Please join us in welcoming these dedicated individuals back from their rugged assignments. We are very proud of the assistance they provided to our western neighbors and know the experience they gained will translate directly to improving MassWildlife’s prescribed fire program and working as a collaborative and cohesive team with DCR, NPS, USFWS, and our local fire management partners. Special thanks to all of our wildland fire partners, the Northeastern Forest Fire Protection Compact (NFFPC), and the Northeast Interagency Coordination Center (NECC) for their tireless work and logistical skill in making these national mobilizations possible.  
 

MAS#1 Crew extinguishing a hot spot at Trestle Creek Wildfire, Idaho. Photo: D. Bove, MassWildlife

MAS#1 Crew extinguishing a hot spot at Trestle Creek Wildfire, Idaho. Photo: D. Bove, MassWildlife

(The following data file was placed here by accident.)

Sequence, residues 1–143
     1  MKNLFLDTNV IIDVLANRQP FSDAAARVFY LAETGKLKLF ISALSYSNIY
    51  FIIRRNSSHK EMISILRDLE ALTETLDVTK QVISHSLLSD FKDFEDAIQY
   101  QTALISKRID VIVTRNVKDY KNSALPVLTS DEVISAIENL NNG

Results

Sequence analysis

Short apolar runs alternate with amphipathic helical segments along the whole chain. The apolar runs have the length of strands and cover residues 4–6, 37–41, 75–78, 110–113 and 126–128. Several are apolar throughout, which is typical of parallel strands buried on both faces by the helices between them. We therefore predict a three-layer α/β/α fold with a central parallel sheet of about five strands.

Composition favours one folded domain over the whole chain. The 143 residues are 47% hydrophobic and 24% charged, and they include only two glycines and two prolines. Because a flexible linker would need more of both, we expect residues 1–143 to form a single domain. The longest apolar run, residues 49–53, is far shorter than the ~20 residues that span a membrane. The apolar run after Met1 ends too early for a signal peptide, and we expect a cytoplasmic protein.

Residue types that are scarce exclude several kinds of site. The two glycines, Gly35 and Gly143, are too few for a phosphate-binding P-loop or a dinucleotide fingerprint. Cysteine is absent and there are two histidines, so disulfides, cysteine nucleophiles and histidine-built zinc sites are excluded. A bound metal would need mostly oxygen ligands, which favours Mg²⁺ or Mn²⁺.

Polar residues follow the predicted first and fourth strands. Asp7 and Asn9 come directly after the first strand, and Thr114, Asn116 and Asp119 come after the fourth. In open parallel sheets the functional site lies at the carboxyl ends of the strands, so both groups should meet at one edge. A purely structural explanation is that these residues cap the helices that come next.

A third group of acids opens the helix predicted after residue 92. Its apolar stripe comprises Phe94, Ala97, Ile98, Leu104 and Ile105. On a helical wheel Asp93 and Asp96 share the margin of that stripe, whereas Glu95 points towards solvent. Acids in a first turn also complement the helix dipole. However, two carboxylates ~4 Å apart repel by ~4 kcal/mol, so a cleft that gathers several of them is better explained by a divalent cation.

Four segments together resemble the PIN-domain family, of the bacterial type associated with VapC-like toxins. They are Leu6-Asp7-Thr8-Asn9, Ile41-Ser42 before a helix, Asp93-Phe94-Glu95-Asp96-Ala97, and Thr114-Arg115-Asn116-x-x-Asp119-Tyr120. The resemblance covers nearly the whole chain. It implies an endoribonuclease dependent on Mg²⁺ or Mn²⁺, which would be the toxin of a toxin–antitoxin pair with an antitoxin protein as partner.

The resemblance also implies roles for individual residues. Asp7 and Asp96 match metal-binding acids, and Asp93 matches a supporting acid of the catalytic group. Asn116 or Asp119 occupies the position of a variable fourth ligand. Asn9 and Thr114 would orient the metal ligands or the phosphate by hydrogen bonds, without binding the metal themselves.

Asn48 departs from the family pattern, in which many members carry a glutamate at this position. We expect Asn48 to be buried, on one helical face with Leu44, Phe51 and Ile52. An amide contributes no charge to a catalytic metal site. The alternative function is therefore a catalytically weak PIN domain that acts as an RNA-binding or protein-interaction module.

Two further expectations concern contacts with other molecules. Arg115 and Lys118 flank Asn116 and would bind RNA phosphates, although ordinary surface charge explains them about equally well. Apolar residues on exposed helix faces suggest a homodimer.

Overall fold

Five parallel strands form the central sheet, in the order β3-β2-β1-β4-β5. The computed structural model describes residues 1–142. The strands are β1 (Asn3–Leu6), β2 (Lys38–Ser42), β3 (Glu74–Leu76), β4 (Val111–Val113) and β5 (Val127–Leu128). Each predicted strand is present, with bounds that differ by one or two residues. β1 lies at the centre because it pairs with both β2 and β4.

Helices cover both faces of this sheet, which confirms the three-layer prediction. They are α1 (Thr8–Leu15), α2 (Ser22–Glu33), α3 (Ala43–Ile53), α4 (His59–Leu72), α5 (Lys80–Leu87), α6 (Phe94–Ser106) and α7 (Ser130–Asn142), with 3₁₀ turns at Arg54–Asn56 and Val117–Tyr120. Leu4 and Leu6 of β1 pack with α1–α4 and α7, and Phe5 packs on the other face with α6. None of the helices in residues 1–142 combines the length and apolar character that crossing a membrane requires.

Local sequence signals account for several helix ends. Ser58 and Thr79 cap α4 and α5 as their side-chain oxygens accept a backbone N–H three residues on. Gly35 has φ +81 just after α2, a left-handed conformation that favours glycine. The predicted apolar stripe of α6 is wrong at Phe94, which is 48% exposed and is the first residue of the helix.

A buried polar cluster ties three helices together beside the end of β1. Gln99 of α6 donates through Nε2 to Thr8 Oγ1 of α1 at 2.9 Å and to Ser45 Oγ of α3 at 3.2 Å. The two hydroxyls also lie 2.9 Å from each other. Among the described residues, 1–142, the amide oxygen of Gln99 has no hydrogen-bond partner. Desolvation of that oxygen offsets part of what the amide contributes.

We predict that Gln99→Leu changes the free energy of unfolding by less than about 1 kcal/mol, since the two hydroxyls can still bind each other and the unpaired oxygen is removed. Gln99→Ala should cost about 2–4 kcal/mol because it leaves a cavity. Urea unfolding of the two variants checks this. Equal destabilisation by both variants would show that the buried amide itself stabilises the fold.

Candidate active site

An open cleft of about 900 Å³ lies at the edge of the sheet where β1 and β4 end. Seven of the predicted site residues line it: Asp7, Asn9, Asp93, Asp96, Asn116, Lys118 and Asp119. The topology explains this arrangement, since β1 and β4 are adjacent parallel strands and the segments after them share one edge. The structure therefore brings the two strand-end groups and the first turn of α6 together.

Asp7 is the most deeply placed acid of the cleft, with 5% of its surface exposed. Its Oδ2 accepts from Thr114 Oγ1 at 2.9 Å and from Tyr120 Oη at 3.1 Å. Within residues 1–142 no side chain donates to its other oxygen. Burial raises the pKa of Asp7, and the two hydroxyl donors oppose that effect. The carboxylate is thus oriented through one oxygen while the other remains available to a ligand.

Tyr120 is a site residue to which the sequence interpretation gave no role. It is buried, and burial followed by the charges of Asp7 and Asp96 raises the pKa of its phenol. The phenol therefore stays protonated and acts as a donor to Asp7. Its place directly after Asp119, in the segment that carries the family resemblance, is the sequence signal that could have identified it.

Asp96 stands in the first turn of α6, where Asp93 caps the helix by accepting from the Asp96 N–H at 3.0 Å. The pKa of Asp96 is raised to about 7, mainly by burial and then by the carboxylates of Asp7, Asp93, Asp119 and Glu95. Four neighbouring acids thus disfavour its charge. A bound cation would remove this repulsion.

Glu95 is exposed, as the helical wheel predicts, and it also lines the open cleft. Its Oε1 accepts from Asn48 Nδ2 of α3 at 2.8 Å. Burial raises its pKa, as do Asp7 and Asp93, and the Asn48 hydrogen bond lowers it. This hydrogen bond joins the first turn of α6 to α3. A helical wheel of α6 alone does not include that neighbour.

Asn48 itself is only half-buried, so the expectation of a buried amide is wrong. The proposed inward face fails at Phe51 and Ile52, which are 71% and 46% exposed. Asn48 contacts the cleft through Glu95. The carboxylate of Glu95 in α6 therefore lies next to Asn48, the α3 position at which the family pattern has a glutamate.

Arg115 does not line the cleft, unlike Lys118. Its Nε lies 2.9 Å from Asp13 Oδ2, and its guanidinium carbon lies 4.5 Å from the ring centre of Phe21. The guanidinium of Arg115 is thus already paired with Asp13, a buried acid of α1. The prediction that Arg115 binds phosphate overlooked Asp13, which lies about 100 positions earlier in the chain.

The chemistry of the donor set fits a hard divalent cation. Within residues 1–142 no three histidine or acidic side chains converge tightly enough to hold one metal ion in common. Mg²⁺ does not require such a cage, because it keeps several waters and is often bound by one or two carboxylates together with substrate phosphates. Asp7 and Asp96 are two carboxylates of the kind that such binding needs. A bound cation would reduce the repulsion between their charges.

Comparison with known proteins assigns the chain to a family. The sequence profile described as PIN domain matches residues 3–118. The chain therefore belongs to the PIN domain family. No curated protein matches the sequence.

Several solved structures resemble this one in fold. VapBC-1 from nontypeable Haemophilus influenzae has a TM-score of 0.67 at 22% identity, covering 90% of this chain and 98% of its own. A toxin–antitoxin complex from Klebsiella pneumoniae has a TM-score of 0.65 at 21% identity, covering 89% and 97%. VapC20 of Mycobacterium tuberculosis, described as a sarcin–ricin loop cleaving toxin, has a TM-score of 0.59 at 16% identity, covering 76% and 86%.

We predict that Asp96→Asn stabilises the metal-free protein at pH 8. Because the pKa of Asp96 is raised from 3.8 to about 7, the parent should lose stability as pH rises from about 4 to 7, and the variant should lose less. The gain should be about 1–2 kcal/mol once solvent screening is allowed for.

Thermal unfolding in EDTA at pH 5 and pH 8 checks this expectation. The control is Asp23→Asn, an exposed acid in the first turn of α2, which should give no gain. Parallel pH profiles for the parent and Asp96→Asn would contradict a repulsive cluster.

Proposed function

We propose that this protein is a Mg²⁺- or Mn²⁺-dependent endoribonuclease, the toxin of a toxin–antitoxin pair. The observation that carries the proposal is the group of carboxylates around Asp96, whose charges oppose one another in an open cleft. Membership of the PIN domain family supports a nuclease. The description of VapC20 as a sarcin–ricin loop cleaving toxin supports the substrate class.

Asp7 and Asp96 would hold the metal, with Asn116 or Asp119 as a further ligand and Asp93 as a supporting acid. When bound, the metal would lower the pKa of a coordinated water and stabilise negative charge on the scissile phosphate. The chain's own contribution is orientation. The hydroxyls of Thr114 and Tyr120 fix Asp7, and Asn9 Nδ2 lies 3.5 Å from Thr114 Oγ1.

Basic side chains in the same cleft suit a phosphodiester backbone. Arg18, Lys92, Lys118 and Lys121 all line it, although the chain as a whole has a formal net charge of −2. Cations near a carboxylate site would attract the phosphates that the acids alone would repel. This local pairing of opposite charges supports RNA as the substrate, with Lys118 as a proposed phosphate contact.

NorEast #1 practice a medical extraction during their break on the Dixie Fire, California. Photo: B. Mazzei, MassWildlife

NorEast #1 practice a medical extraction during their break on the Dixie Fire, California. Photo: B. Mazzei, MassWildlife 

Media Contact for Five MassWildlife staff recognized for assisting with western wildfires

Division of Fisheries and Wildlife 

MassWildlife is responsible for the conservation of freshwater fish and wildlife in the Commonwealth, including endangered plants and animals. MassWildlife restores, protects, and manages land for wildlife to thrive and for people to enjoy.
Image credits:  Top photo: NorEast #1 crew members patrol for hotspots on Dixie Fire, California by D. Bove, MassWildlife